A former Dunbar High guidance counselor was sentenced in U.S. District Court in Baltimore yesterday to 10 years in prison without parole for her part in her son's drug conspiracy.
Judge J. Frederick Motz sentenced Alfreda Robinson, 37, of the first block of Caraway Road in Reisterstown.
She was convicted by a federal jury of one count of conspiring to distribute crack cocaine.
"On the one hand, for you to be involved in drug dealing as the evidence shows you were, and on the other hand to be counseling kids and living this aura of respectability, the government and society as a whole can find that reprehensible," Judge Motz told her.
On Monday, her son, David Moe Robinson, 22, was sentenced to 45 years in prison without parole.
Anthony M. Johnson, 30, received a 30-year, no-parole prison term yesterday for being part of the conspiracy.
Witnesses said Alfreda Robinson rented cars and bought guns for her son's drug activities.
One woman testified that the mother tried to collect a drug debt for David Robinson when he was arrested on drug charges.
The witness said the woman fired a gun into a family's home to threaten a juvenile who owed the son money.
Tanesia Mack, David Robinson's former girlfriend, testified yesterday that she saw Alfreda Robinson put cocaine into plastic bags in her home after scolding her son for cooking crack on her stove.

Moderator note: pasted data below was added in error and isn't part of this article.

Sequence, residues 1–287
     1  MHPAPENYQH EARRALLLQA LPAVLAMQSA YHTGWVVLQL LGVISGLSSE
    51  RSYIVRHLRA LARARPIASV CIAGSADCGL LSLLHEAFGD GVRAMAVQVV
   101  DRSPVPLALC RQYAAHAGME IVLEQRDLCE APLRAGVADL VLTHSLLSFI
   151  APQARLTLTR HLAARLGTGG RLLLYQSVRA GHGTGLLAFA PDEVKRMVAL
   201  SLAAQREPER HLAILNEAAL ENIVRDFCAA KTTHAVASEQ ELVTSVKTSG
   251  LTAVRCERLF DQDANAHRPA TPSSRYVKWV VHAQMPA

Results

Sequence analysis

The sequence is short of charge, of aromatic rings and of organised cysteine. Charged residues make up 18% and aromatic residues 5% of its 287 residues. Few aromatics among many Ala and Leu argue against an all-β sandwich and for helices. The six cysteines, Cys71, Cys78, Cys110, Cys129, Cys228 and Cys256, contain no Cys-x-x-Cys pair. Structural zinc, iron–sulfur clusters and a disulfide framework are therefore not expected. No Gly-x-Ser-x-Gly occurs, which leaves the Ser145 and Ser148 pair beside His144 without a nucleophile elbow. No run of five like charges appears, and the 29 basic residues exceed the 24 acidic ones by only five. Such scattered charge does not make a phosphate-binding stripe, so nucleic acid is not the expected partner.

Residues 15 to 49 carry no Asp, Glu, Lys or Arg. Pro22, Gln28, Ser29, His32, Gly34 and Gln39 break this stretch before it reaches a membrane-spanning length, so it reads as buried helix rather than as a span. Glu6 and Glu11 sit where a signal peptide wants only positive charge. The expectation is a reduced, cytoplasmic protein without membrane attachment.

Alfreda Robinson said she bought the guns for protection because she had been a victim of vandals.
She lashed out at Assistant U.S. Attorney Andrea L. Smith, who she said treated her unfairly during the trial.
"She made it a point to destroy not only my life, but the life of my family -- my son, and all the things I've worked to build," she said.
After she was arrested, authorities seized her home, which they said was used to distribute drugs.
She said in court papers that she dropped out of school in 10th grade and got married and became a mother at age 15.
She said she finished school and went on to earn a master's degree in special education.
Alfreda Robinson said she accepted responsibility for her actions, a statement she made as she sought a more lenient sentence. But she indicated that she was not involved with drugs.
Judge Motz said Ms. Smith merely had done her job in the case, although he complained earlier that prosecutors were using rigid sentencing guidelines to force defendants to enter into plea bargain agreements or face harsh penalties.
"This is not a personal thing between you and Ms. Smith," said Judge Motz.
"I think that somebody who permits himself to be used as a front person for a drug conspiracy is not a minor participant at all," the judge said.